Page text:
At approximately 4:30 PM, Thursday, March 19, the body of Airman First Class Keigan Baker, 24, was recovered after going missing during a surface training swim at Naval Support Activity Panama City, Florida.
“Baker was taking part in the Air Force Combat Dive Course run by Air Education and Training Command’s Special Warfare Training Wing headquartered at Joint Base San Antonio-Lackland,” the U.S. Air Force said in a statement.
“The Airman went missing at approximately 11:05 a.m. and various search and rescue agencies including the Naval Diving and Salvage Training Center, U.S. Coast Guard Station Panama City and the Bay County Sheriff’s Office immediately responded to the scene. The Air Force is actively investigating the circumstances surrounding this incident.”
According to a statement from the U.S. Air Force, “Baker enlisted in the United States Air Force in June 2018 and was recognized as an Honor Graduate at Basic Military Training. After BMT, he immediately entered the two-year combat control training program. Shortly after being assigned to STTS he left to attend the Special Warfare Pre-Dive course at Joint Base San Antonio-Lackland, followed by the Air Force Combat Dive Course at Naval Support Activity Panama City, Florida.”
“Keigan’s loss is felt across the entire training wing, where the safety of our trainees is our top priority,” said U.S. Air Force Col. Parks Hughes, commander of the Special Warfare Training Wing. “We are grateful to all the agencies that assisted with the search and recovery effort. Our thoughts and prayers are with Keigan’s family, friends and teammates.”
The 24th Special Operations Wing (24 SOW) is one of three Air Force active duty special operations wings within the Air Force Special Operations Command (AFSOC). “The primary mission of the 24 SOW is to provide Special Tactics forces for rapid global employment to enable airpower success,” according to AFSOC’s website. “The 24 SOW is U.S. Special Operation Command’s tactical air and ground integration force, and the Air Force’s special operations ground force to enable global access, precision strike, and personnel recovery operations. Core capabilities encompass: airfield reconnaissance, assessment, and control; personnel recovery; joint terminal attack control and environmental reconnaissance.”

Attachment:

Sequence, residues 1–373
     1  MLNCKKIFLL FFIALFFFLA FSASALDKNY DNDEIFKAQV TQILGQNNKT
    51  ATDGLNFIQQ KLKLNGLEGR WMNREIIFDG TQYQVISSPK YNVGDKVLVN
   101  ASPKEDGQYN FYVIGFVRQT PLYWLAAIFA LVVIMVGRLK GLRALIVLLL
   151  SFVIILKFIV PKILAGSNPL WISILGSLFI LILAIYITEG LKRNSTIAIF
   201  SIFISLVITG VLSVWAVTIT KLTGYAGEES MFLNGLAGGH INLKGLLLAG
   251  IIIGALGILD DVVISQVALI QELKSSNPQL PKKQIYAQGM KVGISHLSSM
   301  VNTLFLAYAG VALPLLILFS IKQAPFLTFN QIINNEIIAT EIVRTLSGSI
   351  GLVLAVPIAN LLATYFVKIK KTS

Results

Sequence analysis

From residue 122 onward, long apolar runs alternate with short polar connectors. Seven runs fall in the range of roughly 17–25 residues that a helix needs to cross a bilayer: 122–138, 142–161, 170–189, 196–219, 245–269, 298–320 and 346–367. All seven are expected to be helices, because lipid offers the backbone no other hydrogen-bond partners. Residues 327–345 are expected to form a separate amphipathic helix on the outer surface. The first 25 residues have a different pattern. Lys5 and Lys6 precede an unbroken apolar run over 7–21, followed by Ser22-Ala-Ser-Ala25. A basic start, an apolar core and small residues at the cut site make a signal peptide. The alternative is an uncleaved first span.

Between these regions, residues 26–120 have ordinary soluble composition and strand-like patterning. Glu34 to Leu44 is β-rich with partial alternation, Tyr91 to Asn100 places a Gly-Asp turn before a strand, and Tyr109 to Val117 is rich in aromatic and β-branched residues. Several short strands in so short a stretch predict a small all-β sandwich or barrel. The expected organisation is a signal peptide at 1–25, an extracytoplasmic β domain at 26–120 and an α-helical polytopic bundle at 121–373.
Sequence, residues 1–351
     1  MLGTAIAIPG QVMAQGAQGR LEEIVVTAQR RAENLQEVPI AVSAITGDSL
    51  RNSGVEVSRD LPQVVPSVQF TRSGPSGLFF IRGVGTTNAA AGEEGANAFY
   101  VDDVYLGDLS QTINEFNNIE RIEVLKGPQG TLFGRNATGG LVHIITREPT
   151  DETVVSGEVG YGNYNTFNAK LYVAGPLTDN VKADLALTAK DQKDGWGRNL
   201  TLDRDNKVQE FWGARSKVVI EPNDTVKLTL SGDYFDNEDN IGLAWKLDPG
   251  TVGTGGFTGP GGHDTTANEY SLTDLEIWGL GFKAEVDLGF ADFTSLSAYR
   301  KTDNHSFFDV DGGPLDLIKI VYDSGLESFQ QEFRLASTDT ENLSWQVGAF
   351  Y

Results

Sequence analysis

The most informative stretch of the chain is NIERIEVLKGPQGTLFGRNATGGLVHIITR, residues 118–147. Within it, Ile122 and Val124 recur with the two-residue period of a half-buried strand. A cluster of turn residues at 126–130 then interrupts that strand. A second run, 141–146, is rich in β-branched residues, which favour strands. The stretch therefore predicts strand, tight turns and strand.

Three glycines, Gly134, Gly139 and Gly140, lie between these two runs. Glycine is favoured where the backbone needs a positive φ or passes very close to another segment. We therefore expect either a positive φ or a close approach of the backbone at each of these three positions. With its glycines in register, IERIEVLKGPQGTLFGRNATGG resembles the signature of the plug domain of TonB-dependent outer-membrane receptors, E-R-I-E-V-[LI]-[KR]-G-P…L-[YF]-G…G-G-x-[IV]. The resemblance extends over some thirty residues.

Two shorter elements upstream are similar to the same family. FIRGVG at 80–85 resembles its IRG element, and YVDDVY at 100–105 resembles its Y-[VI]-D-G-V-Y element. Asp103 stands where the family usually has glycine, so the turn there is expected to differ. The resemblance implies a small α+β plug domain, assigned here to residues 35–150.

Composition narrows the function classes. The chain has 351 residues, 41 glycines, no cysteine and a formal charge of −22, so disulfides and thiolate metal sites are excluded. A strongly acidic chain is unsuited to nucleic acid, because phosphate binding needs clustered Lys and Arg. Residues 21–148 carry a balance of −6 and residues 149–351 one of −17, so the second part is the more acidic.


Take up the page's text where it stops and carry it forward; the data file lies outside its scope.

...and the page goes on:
The U.S. Air Force states that “the 24 SOW is the most decorated unit in the U.S. Air Force, as well as the most decorated group of Airmen for heroism and gallantry since the Vietnam War. Since Sept. 11, 2001, the Special Tactics Airmen have six Air Force Crosses, 32 Silver Stars, 105 Purple Hearts, nearly a thousand Bronze Stars, hundreds of Bronze Stars with valor, as well as 60 current wounded warrior and combat training related cases and 17 fallen heroes.”
Air Force Combat Controllers (CCT) operate under the motto, “First There.” In an article published on the Air Force website in 2004, it’s stated that there are approximately 360 active duty CCTs, though that number may have changed. These airman are highly qualified and FAA-certified air traffic controllers, as well as being certified in scuba, parachuting and snowmobiling. Air Force CCTs are often able to change the tide of battle as they are trained to call in precise munitions from rotary or fixed wing aircraft and/or artillery under extreme stress. These men are highly lethal and are an amazing asset to any unit they are attached to.
Editor’s Note: This article has been updated since its original publication to reflect the most recent information available about the incident.